Joe Biden's cabinet picks face scrutiny over corporate ties

Rozina Sabur
·4-min read
Tony Blinken's selection for Secretary of State has caused concern among some government ethics advocates - Mike Coppola /Getty
Tony Blinken's selection for Secretary of State has caused concern among some government ethics advocates - Mike Coppola /Getty

Joe Biden's decision to appoint a number of officials with ties to WestExec, a high-powered consulting operation with a secret roster of clients, has come under scrutiny, with critics accusing the president-elect of returning to the "swamp" of Washington establishment politics.

Two of Mr Biden senior Cabinet nominees hail from the consulting firm, while several more WestExec employees are helping the president-elect's transition team prepare for office in January. 

The company was co-founded in 2017 by Tony Blinken, Mr Biden's longtime adviser and his nominee to be secretary of state, and Michele Flournoy, a former defence official and a top contender to lead the Pentagon in the Biden administration.

Another former WestExec employee, Avril Haines, has been selected as Mr Biden's director of national intelligence.

Mr Biden's transition team is also heavily populated with WestExec staffers, with five of the company's employees currently on leave from the firm to advise the Biden camp and help fill positions in the Pentagon, Treasury and other government departments.

Michele Flournoy is seen as a potential defence secretary, but concerns have been raised about her past links to defence contractors - Yuri Gripas /Reuters
Michele Flournoy is seen as a potential defence secretary, but concerns have been raised about her past links to defence contractors - Yuri Gripas /Reuters

The ties between the Biden campaign and WestExec go deeper still. According to Politico, more than half of the staff listed on the company's website have donated to the Biden campaign, while Ms Flournoy alone raised more than $100,000 for the Democrat.

WestExec, named after West Executive Avenue - the road connecting the West Wing and the Eisenhower Executive Office - uses its staff's past experience in senior government positions to advise companies on their business interests.

The company's website touts its employees' insights into government operations, marketing its ability to bring "the Situation Room to the Board Room".

But it is this same revolving door between the private sector and government service which has attracted criticism from progressives and Republicans alike, who have criticised what they see as a return to corporate influence in US politics.

Marc Lotter, a former communications director for the Trump campaign, responded to the news of Mr Biden's appointments, tweeting: "Return of the swamp", the term Donald Trump has used to describe the influence of money in Washington politics.

Ben Shapiro, an influential conservative commentator, also lashed out at Mr Biden's "back to normal" approach to selecting his Cabinet, which he argued had driven disenchanted voters to Mr Trump in the first place.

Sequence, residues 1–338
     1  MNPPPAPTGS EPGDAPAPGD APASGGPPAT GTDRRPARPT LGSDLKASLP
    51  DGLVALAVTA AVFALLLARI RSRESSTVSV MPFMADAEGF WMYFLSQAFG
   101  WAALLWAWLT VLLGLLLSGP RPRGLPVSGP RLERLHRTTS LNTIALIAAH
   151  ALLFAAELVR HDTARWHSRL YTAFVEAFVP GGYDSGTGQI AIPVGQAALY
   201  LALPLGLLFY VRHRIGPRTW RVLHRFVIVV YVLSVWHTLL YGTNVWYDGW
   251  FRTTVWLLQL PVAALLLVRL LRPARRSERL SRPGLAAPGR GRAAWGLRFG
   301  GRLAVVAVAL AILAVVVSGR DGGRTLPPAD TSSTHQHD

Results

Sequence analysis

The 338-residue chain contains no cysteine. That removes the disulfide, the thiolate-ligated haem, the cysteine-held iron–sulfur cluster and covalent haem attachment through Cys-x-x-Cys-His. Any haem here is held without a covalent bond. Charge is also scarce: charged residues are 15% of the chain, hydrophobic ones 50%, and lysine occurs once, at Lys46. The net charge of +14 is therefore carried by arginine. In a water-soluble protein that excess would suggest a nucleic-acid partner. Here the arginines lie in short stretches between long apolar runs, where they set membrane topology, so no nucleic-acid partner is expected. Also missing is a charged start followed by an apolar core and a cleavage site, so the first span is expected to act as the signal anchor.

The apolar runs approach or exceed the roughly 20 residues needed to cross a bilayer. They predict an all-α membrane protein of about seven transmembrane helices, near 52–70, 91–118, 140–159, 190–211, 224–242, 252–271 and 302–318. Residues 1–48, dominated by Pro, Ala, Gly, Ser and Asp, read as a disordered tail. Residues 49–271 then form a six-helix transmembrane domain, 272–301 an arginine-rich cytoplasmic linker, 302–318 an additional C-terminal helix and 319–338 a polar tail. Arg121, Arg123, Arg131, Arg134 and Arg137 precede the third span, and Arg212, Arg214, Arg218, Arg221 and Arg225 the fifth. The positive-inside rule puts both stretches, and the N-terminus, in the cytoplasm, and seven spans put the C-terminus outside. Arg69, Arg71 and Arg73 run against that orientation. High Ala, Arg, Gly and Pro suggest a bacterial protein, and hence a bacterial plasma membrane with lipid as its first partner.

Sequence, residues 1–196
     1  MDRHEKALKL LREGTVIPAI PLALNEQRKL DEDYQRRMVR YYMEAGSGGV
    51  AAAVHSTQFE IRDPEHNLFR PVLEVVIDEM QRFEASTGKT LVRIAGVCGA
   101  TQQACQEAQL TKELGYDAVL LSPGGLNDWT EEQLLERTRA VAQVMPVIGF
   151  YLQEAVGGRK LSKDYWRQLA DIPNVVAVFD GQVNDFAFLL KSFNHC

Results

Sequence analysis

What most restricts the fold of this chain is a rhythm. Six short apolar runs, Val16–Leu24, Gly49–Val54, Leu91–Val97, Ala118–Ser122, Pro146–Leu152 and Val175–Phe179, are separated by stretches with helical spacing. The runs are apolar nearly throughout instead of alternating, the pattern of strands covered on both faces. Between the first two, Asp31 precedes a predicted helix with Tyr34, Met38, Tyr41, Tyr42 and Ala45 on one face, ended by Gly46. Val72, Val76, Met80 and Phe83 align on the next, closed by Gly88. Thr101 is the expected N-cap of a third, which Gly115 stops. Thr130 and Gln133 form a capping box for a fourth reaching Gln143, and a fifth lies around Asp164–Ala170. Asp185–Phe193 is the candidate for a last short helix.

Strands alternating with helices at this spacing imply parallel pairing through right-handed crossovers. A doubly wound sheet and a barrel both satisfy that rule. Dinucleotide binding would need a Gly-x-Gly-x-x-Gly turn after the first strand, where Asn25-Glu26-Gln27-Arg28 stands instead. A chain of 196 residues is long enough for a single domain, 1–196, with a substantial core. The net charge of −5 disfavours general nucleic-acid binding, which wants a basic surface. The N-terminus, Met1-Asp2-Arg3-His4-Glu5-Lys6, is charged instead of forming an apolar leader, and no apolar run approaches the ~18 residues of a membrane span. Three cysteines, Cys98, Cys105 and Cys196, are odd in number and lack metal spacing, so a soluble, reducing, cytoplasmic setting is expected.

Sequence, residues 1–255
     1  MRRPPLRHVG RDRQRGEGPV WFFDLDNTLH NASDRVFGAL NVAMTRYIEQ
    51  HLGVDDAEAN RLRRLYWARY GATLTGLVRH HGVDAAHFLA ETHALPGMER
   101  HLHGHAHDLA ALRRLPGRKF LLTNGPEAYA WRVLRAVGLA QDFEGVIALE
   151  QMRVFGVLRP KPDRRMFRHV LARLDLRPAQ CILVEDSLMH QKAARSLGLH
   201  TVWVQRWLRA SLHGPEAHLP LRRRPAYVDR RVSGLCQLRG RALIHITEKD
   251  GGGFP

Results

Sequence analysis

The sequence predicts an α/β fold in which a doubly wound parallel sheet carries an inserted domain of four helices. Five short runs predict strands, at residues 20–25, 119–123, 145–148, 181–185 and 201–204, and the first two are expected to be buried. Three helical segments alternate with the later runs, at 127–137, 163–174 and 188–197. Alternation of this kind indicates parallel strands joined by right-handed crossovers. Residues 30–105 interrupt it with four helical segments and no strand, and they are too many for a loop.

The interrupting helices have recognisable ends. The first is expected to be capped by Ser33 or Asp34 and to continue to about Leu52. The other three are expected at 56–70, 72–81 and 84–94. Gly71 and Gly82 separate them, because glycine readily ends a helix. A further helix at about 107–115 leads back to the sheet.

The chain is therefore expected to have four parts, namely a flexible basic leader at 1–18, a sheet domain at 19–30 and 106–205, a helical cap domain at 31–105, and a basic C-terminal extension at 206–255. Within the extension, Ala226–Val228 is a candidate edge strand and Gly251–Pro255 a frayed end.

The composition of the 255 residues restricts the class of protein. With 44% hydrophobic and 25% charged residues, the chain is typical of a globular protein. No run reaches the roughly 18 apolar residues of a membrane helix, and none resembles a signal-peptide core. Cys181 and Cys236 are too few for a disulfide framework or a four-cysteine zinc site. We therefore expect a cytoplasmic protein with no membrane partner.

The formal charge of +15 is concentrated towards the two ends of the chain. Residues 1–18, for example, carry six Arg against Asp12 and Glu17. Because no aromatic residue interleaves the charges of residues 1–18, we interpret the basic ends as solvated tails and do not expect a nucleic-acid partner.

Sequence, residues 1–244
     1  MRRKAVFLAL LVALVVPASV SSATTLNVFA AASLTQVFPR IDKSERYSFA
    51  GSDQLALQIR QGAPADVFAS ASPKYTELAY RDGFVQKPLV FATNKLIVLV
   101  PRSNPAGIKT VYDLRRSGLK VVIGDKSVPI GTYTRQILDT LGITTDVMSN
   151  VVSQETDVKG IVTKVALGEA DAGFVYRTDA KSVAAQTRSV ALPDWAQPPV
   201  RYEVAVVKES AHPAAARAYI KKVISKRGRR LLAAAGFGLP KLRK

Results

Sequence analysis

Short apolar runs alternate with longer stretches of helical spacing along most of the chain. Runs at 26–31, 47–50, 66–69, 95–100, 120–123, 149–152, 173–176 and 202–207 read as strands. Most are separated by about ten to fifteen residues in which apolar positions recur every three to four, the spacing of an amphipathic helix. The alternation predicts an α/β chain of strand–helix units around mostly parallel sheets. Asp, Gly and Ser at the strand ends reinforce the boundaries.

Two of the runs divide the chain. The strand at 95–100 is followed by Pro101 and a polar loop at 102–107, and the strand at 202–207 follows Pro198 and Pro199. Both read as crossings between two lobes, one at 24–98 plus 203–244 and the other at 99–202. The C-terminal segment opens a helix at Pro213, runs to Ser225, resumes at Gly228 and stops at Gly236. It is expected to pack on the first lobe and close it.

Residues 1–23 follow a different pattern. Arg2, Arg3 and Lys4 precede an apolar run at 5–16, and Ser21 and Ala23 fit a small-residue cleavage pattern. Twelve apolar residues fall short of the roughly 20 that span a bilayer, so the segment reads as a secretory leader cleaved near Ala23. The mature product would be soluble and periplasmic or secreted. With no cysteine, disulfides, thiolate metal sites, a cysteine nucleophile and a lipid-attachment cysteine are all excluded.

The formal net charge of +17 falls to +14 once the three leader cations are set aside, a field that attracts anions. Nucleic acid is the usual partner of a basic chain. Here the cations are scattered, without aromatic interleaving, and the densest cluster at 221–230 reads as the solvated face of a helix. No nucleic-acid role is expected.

"Back to normal means the same cast... who occupied high positions of power and in a flowered and honeyed language spoke soft promises... that were never fulfilled, sold out the interests of the united states... and got rich in the process," he said on his "Ben Shapiro Show" podcast this week. "And yet we're being told by Washington we're going to go back to that normal."

Mr Biden's appointments have also raised concern among progressives in his party and good government advocates, who warn the candidates' links to WestExec and other corporate interests may be a point of contention during their Senate confirmation hearings.

Danielle Brian, from the non-profit Project on Government Oversight, has also raised concerns about Ms Flournoy and Jeh Johnson, two leading contenders to be Mr Biden's defence secretary, over their past work in the corporate defence industry.

"If you want to demonstrate independence from defense contractor interests you can do better JoeBiden," she tweeted.

Mr Biden's transition team has sought to limit the influence of lobbyists among its ranks. However, as WestExe does not directly lobby the US government or for federal funding on its clients' behalf, the company is exempt from the strict disclosure rules which apply to lobbyists, such as revealing its client list - something which has drawn scrutiny from transparency advocates.

WestExec's client list and its work is now coming under scrutiny from Republicans on the Senate Foreign Relations Committee, the panel which will consider Mr Biden’s nominees to senior national security posts.

In particular, Republicans say they want to know more about whether WestExec advised foreign companies or individuals with ties to foreign powers, which they argue could create a conflict of interest.

WestExec says most of its work involves US corporations with overseas operations and a small number of companies from "closely allied countries".

The company said it does not have any Chinese or Turkish clients and has committed to disclosing its clients as required during the confirmation process.

The Biden transition team has said nominees will comply with all ethics requirements and that Mr Blinken, the nominee for Secretary of State, will sell his stake in WestExec if confirmed to the role.